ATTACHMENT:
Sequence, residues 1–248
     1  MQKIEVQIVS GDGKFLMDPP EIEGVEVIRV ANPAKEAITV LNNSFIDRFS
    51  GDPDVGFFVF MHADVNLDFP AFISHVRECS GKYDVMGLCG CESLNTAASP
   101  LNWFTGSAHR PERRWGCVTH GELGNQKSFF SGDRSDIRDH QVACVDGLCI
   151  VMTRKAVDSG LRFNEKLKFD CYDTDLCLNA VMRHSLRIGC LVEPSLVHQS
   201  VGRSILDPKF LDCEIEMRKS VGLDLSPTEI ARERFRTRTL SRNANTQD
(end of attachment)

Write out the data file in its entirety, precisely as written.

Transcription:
Sequence, residues 1–248
     1  MQKIEVQIVS GDGKFLMDPP EIEGVEVIRV ANPAKEAITV LNNSFIDRFS
    51  GDPDVGFFVF MHADVNLDFP AFISHVRECS GKYDVMGLCG CESLNTAASP
   101  LNWFTGSAHR PERRWGCVTH GELGNQKSFF SGDRSDIRDH QVACVDGLCI
   151  VMTRKAVDSG LRFNEKLKFD CYDTDLCLNA VMRHSLRIGC LVEPSLVHQS
   201  VGRSILDPKF LDCEIEMRKS VGLDLSPTEI ARERFRTRTL SRNANTQD